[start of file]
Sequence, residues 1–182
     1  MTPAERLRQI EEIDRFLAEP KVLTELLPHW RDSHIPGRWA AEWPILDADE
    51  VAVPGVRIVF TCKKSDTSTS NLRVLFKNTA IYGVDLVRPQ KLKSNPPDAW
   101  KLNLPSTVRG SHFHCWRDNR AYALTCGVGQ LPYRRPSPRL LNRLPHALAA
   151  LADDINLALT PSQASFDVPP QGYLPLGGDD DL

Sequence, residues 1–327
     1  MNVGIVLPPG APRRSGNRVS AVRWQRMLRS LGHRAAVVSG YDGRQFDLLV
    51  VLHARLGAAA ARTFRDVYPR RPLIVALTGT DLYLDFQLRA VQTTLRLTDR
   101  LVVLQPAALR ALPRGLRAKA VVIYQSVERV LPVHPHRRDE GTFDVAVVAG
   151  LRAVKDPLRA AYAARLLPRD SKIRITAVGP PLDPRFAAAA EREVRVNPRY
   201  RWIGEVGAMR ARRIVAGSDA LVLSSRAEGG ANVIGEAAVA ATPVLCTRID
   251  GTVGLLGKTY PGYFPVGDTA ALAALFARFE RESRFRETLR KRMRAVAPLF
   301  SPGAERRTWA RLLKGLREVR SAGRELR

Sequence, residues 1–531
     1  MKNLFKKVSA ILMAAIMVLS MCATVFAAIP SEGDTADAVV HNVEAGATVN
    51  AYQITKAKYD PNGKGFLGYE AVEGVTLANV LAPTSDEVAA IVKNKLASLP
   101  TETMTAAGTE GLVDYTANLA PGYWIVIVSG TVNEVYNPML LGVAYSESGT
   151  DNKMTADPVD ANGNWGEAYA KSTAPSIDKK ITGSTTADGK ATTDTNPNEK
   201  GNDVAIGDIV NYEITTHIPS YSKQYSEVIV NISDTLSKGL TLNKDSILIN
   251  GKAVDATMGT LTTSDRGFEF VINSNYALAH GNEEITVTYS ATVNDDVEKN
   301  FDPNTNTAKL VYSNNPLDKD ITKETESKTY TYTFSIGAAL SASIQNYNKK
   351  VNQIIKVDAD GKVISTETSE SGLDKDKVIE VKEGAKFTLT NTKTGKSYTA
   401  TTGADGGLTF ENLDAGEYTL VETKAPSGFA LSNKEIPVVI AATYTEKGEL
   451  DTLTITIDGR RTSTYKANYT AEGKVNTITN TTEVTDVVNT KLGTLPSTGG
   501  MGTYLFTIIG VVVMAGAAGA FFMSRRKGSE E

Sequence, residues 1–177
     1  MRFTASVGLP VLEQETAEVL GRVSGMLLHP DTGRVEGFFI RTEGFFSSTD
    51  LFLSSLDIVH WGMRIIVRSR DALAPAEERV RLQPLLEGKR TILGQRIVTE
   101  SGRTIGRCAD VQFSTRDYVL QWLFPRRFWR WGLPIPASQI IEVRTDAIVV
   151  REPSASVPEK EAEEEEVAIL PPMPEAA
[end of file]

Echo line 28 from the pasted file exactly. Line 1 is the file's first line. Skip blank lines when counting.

    51  LFLSSLDIVH WGMRIIVRSR DALAPAEERV RLQPLLEGKR TILGQRIVTE